The data cover all “enplaned and deplaned” passengers, so everyone coming through YVR for air travel. They break down the passengers by domestic, transborder, and other international travel. From 1995 onward, they also helpfully break out Asia-Pacific and European passengers from other miscellaneous international. My working assumption is that passenger categories mostly mirror YVR’s organization of flight destination information, so that Domestic covers all flights within Canada, Transborder covers flights to the USA, Asia-Pacific covers flights to Mainland China, Hong Kong, Taiwan, India, the Philippines, Japan, South Korea, New Zealand, and Australia, and Europe covers flights to the EU plus the UK. Misc. Intl. covers everyone else, but probably mostly picks up flights to Mexico and the Caribbean / Central America. Of note, there’s enough ambiguity in labeling that it’s possible flights to Mexico fit in the Transborder category instead, but I’ll assume we’re just talking about the immediate border there.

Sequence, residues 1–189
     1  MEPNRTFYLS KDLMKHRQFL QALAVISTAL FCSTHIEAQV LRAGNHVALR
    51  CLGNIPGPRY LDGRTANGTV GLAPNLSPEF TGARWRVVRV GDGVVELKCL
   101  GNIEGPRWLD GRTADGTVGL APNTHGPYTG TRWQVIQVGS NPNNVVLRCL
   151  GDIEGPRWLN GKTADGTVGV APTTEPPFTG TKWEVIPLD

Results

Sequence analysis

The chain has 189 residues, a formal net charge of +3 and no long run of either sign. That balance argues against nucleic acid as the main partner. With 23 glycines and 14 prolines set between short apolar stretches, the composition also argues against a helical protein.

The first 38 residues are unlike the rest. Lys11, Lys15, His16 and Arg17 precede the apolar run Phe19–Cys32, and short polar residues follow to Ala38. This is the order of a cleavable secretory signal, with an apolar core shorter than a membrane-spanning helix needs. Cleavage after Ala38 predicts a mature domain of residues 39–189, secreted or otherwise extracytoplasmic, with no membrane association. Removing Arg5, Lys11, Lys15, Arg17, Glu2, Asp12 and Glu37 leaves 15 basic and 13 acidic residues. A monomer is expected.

The big patterns are dramatic growth in passengers between 1992 and 2019. There are waves to the growth, which really seems to kick off in earnest with the expansion of the international terminal in 1996 before retracting a bit by 2003, then expanding in near linear fashion till the recession of 2009. From there, once again we’re back into a dramatic rise until… well… 2020. Where we don’t yet have full data, but needless to say, we expect we’ll see a drop. Once all the data’s in, we’ll probably end up somewhere back in 1992 territory. We’ll have a look at monthly data in a moment, but first let’s also point out two other patterns.

First, despite the name-check of the 2010 Olympics in airport marketing materials, we see no real evidence that 2010 was anything special for passenger traffic. It fits right about where we’d expect it to be on the ten-year rise between 2009 and 2019.